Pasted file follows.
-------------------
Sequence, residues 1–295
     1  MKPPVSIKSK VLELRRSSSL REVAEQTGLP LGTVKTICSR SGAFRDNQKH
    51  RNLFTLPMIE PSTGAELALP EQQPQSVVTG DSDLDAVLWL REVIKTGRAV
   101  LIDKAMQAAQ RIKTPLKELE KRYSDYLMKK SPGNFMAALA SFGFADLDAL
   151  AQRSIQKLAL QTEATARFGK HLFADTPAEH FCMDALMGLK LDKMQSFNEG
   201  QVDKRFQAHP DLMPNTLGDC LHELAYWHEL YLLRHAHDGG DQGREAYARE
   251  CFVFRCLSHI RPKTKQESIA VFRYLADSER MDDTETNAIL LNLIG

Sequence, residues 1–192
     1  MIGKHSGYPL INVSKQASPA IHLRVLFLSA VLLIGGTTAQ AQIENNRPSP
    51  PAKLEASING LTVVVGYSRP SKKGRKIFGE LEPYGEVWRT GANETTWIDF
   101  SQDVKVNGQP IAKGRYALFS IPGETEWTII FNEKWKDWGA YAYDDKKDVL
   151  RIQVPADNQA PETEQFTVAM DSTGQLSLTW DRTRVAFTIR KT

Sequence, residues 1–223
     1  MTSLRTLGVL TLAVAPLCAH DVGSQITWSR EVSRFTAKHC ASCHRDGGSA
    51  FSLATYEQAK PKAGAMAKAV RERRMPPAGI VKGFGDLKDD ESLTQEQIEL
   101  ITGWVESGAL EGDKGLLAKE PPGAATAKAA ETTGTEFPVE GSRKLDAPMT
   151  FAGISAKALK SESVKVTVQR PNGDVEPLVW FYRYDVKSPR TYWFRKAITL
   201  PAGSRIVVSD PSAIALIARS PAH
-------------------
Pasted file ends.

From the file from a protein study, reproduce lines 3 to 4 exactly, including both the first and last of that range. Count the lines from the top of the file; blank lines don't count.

    51  RNLFTLPMIE PSTGAELALP EQQPQSVVTG DSDLDAVLWL REVIKTGRAV
   101  LIDKAMQAAQ RIKTPLKELE KRYSDYLMKK SPGNFMAALA SFGFADLDAL